Link to this page: https://www.socialistparty.org.uk/issue/1097/31140
Editorial of the Socialist issue 1097
Labour payouts: unions must discuss political representation
Unite union leader Len McCluskey rightly stated, in an interview with the Observer, that the Labour Party leadership has misused trade union members' money. He was referring to the Starmer leadership's decision to pay hundreds of thousands of pounds in settlements and apologise to eight people who had contributed to a scurrilous anti-Corbyn BBC Panorama documentary last year on antisemitism.
Jeremy Corbyn also criticised the settlements, calling them "a political decision, not a legal one". When he was Labour's leader, lawyers had advised him that the party had a strong case against the eight.
This latest episode in the long-running use of antisemitism alle-gations against Corbyn supporters adds to the list of rightward leaps spearheaded by Keir Starmer.
In the Observer, McCluskey warned Starmer not to go "too much to the right" and to stick to the ten pledges he made in his campaign to become leader. The pledges included the Corbyn policies of abolishing tuition fees and returning public ownership to rail, mail, energy and water.
However, after his victory, Starmer set about decisively shifting the party away from the Corbyn era. While only mildly criticising the Tories, he acted firmly to remove all remnants of Corbynism at the top of Labour, getting rid of Jennie Formby as general secretary and Rebecca Long-Bailey as shadow education minister, among numerous other changes.
'Blairism' has returned in more ways than as a political categorisation, as the new general secretary, David Evans, was once an assistant general secretary under Blair himself.
Regarding keeping some of Corbyn's popular policies, Starmer knew they would help him to win the leadership, fully aware he could later drop them.
His pledges included that Labour should "work shoulder to shoulder with trade unions" and "maintain collective links" with them. But the influence of the unions on the Labour Party was drastically reduced during rightward steps between 1992 and 2015 to create the firmly pro-capitalist New Labour, and they have not been reversed.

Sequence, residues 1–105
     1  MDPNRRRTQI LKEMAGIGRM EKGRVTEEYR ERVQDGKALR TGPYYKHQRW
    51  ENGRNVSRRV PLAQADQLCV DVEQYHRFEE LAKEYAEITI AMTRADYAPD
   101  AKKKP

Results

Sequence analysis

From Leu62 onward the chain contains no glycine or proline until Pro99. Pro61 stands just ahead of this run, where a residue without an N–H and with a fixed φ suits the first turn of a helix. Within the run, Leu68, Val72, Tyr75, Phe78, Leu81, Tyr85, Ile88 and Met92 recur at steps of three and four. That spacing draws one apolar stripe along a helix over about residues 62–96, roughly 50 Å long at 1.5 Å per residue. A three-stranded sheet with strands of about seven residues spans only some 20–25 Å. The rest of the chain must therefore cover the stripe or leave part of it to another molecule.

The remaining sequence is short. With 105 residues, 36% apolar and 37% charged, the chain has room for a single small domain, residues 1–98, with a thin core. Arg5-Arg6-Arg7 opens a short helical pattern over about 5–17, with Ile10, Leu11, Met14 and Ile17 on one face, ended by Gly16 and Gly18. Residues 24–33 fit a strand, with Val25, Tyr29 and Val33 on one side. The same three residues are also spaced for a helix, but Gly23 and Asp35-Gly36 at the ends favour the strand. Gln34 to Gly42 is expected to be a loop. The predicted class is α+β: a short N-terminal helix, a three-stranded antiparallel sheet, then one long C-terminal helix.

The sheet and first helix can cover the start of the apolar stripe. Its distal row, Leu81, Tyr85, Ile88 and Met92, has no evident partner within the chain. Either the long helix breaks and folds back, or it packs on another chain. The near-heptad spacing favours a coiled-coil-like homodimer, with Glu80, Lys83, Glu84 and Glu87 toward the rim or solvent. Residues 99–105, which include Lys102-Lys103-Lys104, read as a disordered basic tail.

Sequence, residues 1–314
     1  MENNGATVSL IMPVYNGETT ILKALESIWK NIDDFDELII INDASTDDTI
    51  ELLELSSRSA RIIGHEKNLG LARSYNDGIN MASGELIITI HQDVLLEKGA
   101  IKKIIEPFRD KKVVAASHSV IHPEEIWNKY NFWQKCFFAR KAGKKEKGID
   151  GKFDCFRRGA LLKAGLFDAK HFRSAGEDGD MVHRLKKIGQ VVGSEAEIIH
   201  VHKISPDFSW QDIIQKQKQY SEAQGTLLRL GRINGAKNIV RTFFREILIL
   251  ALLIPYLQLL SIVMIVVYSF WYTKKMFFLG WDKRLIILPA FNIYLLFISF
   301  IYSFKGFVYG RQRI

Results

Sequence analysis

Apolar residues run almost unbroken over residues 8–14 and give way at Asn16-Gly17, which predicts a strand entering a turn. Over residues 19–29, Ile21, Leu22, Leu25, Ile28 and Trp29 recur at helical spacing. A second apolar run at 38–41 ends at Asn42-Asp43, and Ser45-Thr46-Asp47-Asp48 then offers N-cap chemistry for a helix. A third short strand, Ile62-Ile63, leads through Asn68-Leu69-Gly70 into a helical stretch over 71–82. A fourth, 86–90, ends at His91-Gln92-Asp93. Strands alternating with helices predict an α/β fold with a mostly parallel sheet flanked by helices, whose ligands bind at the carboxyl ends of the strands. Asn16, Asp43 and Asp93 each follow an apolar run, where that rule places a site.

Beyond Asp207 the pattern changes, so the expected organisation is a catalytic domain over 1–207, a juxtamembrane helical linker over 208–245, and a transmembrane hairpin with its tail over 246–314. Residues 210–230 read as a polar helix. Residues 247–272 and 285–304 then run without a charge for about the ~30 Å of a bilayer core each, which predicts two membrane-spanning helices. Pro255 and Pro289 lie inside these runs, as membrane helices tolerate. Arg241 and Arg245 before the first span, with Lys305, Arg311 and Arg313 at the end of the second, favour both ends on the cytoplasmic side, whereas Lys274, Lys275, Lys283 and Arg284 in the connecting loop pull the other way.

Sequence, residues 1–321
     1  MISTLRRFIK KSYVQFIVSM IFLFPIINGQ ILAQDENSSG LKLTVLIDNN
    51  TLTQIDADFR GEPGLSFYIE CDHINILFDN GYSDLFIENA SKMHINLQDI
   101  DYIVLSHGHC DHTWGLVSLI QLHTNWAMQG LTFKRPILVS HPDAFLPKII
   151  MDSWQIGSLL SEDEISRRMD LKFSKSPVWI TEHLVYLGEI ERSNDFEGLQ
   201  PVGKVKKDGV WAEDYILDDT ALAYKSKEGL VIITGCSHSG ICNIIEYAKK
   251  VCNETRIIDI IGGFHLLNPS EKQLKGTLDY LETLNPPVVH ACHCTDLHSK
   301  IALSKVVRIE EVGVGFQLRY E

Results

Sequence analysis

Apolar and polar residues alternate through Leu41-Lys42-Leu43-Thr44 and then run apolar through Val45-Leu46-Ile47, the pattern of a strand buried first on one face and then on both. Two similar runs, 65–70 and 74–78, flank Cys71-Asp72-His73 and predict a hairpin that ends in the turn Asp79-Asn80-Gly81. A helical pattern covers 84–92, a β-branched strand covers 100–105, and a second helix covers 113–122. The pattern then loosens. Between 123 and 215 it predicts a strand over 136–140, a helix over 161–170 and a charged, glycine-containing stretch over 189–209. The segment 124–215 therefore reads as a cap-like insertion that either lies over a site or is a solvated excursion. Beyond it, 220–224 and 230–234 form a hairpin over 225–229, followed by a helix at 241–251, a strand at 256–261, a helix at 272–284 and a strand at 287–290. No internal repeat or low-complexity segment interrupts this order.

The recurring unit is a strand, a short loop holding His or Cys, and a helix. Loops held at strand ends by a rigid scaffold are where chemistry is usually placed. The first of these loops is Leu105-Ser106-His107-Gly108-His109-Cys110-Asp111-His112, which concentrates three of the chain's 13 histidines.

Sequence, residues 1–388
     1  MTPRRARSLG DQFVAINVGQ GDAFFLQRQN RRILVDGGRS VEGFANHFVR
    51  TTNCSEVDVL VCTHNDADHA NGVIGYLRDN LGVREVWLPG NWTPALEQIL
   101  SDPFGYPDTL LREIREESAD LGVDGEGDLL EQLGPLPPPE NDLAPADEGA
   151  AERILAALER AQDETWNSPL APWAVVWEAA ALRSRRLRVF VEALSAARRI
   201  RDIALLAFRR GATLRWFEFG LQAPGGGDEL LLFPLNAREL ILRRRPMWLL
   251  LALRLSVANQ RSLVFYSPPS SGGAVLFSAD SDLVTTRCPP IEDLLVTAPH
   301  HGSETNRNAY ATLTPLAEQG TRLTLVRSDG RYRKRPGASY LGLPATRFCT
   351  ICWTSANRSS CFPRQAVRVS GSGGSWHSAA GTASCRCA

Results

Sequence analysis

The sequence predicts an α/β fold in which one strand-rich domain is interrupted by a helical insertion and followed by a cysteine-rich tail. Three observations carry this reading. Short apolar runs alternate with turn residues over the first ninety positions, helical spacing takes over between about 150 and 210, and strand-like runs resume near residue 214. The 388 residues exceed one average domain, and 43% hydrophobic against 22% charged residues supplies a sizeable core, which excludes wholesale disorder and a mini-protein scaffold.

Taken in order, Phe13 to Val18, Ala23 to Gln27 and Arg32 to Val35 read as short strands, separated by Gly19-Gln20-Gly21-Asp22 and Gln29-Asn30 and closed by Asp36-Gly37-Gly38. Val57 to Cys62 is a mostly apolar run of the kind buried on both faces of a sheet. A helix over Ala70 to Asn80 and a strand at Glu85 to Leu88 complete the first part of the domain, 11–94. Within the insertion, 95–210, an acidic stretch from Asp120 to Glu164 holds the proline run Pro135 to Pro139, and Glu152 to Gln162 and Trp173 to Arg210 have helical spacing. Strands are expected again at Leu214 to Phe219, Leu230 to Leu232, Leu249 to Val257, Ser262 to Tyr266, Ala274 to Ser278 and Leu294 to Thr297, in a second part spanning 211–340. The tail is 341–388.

Today the affiliated unions only have a third of the members of the party's National Executive Committee and less than a sixth of the National Policy Forum. Their affiliation fees provide the party with less than 15% of its income. So Unite, despite giving over £7 million to Labour since the start of 2019, is not able to prevent Labour's political misuse of that money on the settlements to the eight, even in alliance with the other affiliates.
Nor can it stop the many other misuses of its money in the course of the party being taken further and further away from representing working-class interests.
The explicit rightward path of the Starmer leadership makes it all the more urgent that trade union and anti-austerity activists, along with socialists inside and outside Labour, discuss how a vehicle for socialist, working-class political representation can be re-established.
Perpetrators into 'victims'
Seven of the eight people being given the financial settlements are former Labour staff members. They claimed to be defending their reputations after a representative of Corbyn's leadership called them "disaffected, politically hostile former employees" who gave "malicious, selective briefing" to the Panorama programme.
That they were politically hostile to Corbyn's leadership was never in doubt. Moreover, they were part of a Labour machine which in April 2020 was exposed in a leaked report - into Labour's handling of antisemitism complaints - as acting over years to undermine Corbyn. The report cited instances of anti-Corbyn senior staff using racist and other abuse, failing to deal properly with antisemitism cases, and even trying to prevent a Labour victory in the 2017 general election.
John McDonnell subsequently commented: "The same procedures must apply to those implicated in this report as apply to other party members. If charges are serious, implicated members are suspended pending the outcome of investigation and discipline. Those found guilty of serious contraventions of our rules should be expelled."